It would be untrue to say that we discerned all these factors prior to choosing our pair. In fact, it was the opposite. While we were fortunate to have many choices, one particular match just seemed right. Their individual qualities and characteristics now can be seen as establishing the best practice in matching and contributing to this initiative’s positive results.

The formal match concludes in September, but based on the outcomes we have seen and heard, it is exceeding all expectations. As we assess the outcomes of the initiative, we highlight what made this match successful. The rainmaker mentor should have the following characteristics: diversity insight, a superb reputation and a spectrum of contacts.

• Diversity insight.

The mentor should be aware of the state of diversity in the profession and in the firm through personal experience or from serving on the diversity committee. He or she should have demonstrated interest, concern and empathy for the issues that impact diverse lawyers.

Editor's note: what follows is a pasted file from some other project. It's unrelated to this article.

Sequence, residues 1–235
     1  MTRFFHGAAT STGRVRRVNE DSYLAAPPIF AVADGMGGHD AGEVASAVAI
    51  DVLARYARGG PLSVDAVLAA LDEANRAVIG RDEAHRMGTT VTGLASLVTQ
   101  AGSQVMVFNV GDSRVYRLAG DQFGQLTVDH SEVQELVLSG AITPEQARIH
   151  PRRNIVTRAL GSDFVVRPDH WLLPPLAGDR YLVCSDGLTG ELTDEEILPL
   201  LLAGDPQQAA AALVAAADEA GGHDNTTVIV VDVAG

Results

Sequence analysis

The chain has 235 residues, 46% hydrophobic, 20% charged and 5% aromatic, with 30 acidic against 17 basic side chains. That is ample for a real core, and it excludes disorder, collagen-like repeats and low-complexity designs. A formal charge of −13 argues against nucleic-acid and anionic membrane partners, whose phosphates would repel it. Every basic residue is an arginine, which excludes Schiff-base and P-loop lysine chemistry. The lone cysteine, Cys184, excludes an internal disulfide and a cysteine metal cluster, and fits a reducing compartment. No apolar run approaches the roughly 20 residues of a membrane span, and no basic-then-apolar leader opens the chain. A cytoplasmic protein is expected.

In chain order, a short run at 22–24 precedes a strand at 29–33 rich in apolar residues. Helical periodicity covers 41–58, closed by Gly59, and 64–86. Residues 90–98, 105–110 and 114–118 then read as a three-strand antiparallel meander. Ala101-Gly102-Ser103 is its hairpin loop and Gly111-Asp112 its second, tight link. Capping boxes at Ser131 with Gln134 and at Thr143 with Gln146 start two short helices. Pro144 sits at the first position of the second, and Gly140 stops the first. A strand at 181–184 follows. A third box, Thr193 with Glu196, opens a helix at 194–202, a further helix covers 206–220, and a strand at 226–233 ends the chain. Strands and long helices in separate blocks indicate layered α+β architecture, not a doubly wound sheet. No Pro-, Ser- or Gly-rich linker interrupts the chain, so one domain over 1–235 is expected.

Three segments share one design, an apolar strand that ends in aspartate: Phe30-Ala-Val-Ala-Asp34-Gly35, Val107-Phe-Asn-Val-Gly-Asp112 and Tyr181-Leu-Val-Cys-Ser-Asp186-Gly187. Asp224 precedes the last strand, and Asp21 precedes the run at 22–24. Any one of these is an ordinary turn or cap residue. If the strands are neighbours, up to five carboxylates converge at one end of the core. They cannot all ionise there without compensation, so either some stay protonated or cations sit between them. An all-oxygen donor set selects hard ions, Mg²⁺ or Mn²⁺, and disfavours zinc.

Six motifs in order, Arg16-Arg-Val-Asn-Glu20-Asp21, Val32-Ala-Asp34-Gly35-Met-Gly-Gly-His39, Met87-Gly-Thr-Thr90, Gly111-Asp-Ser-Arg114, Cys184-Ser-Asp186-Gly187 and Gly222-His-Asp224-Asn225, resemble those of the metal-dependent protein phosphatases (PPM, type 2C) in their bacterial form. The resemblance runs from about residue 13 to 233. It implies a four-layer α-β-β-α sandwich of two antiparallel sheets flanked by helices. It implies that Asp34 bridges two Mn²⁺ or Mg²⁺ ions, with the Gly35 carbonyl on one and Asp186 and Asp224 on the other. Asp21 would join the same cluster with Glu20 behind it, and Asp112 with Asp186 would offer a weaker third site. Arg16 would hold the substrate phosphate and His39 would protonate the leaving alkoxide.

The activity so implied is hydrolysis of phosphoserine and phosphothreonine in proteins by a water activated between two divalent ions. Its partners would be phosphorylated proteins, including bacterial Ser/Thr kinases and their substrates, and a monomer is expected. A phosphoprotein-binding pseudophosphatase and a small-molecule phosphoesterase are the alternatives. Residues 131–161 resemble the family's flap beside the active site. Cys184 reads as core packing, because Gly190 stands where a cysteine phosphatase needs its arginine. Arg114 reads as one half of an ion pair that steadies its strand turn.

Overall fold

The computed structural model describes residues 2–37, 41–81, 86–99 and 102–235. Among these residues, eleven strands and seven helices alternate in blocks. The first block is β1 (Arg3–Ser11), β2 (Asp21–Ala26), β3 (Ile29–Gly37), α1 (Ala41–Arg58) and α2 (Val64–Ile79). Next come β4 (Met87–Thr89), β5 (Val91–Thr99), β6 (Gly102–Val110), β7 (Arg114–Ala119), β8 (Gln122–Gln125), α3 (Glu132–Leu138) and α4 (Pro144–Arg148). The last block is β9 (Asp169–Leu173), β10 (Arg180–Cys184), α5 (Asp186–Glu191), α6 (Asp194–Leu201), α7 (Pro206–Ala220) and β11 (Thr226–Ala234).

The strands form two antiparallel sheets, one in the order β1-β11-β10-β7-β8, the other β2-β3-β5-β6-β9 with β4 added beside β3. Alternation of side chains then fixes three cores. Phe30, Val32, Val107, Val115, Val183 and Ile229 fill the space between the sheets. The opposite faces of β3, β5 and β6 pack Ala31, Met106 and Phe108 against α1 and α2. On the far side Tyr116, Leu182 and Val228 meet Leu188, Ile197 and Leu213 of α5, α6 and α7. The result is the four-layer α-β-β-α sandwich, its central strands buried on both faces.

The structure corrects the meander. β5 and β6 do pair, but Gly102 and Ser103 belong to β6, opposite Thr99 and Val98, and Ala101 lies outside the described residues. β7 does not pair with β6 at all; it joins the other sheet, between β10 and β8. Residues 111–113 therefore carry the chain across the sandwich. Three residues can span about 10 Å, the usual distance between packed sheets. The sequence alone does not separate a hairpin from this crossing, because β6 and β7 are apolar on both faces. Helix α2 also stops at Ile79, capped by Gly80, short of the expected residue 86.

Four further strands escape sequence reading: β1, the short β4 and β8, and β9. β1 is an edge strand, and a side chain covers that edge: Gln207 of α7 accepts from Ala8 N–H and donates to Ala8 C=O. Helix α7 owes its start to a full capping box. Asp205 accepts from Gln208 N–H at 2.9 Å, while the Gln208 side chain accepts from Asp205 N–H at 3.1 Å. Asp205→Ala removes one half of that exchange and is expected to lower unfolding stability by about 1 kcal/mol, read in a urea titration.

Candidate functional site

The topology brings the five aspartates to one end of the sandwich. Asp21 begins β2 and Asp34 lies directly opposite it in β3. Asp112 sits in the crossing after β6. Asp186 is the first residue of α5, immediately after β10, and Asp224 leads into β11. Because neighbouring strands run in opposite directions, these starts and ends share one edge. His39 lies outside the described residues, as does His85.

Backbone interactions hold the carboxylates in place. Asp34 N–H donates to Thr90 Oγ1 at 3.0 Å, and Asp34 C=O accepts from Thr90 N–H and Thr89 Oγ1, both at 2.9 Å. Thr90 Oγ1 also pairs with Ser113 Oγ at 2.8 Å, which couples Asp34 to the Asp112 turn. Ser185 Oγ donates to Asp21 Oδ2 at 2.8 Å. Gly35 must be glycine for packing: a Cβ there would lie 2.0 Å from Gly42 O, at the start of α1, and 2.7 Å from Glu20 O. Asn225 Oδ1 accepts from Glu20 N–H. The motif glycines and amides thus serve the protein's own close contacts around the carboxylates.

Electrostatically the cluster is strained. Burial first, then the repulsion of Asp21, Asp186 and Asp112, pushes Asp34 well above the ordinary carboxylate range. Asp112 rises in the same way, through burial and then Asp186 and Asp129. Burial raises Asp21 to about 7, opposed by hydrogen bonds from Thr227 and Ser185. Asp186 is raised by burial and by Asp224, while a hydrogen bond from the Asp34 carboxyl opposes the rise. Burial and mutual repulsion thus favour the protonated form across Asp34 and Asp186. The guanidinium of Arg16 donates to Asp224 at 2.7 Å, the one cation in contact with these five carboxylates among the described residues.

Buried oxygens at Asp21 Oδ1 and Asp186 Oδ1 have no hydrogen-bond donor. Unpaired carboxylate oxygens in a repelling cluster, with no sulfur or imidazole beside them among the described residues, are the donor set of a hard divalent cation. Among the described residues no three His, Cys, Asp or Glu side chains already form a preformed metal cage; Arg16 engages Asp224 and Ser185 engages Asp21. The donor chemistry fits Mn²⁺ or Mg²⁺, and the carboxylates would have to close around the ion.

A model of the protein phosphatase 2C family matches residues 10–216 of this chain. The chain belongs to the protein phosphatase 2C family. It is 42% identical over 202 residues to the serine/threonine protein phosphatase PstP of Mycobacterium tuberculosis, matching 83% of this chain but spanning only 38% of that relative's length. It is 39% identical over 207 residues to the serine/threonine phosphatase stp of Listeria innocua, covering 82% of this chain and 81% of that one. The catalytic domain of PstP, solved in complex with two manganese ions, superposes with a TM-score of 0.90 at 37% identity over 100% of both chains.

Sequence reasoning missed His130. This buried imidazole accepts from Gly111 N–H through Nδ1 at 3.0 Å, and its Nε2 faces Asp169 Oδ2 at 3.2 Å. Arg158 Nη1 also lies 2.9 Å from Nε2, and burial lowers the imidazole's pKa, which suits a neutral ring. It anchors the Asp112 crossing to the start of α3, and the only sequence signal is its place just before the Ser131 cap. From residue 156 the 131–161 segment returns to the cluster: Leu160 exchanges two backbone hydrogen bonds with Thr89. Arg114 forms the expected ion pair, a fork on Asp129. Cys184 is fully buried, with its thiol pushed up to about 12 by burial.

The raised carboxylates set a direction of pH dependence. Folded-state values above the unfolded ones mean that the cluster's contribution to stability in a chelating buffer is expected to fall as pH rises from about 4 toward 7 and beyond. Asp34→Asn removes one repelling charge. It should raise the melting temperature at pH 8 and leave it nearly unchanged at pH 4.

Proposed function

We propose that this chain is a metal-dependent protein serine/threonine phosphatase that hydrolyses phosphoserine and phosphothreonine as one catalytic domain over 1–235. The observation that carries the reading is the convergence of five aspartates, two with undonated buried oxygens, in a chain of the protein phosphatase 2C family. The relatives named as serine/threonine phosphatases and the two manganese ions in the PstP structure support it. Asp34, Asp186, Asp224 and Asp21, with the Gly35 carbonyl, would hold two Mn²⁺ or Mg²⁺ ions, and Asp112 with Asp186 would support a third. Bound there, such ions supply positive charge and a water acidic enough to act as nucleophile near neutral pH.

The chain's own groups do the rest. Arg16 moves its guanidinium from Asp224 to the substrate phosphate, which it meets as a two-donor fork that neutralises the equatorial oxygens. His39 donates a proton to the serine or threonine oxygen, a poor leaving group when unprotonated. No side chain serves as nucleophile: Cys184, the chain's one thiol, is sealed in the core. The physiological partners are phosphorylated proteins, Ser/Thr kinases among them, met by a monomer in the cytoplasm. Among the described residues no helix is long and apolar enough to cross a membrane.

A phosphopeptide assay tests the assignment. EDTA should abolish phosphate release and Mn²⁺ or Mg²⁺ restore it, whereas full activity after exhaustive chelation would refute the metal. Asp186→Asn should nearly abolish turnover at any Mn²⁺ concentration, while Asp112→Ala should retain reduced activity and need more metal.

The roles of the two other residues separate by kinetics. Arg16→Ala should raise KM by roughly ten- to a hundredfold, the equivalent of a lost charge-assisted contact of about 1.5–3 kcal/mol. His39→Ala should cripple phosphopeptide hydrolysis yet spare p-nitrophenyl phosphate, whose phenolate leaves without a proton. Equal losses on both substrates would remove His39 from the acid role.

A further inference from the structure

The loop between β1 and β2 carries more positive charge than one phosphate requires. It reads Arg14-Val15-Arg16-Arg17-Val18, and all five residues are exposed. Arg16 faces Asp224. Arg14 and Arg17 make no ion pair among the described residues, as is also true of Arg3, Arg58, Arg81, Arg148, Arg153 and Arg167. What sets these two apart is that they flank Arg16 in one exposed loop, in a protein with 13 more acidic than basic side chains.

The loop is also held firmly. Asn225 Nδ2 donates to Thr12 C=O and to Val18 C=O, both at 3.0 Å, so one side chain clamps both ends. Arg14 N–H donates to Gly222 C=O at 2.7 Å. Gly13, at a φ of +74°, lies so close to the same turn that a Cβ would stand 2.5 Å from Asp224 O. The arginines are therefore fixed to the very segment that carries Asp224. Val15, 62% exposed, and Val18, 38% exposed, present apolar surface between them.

• Superb reputation.

The mentor should be highly regarded within the firm and the broader legal and business communities. His or her endorsement should be valued and carry weight inside and outside the firm.

• Spectrum of contacts.

His or her contacts should be broad and deep, ranging from the professional, political and civic to social.

The mentee should be a rising star with partnership aspirations and the enthusiasm to commit additional time and effort to this initiative.

• Rising star.

The associate should be a rising star, yet junior enough to welcome the new experiences and to have the time to cultivate newly learned skills.

• Partner aspirations.

It is no secret that the brass ring of partnership has lost its luster and appeal to some associates. However, the associate should aspire to partnership.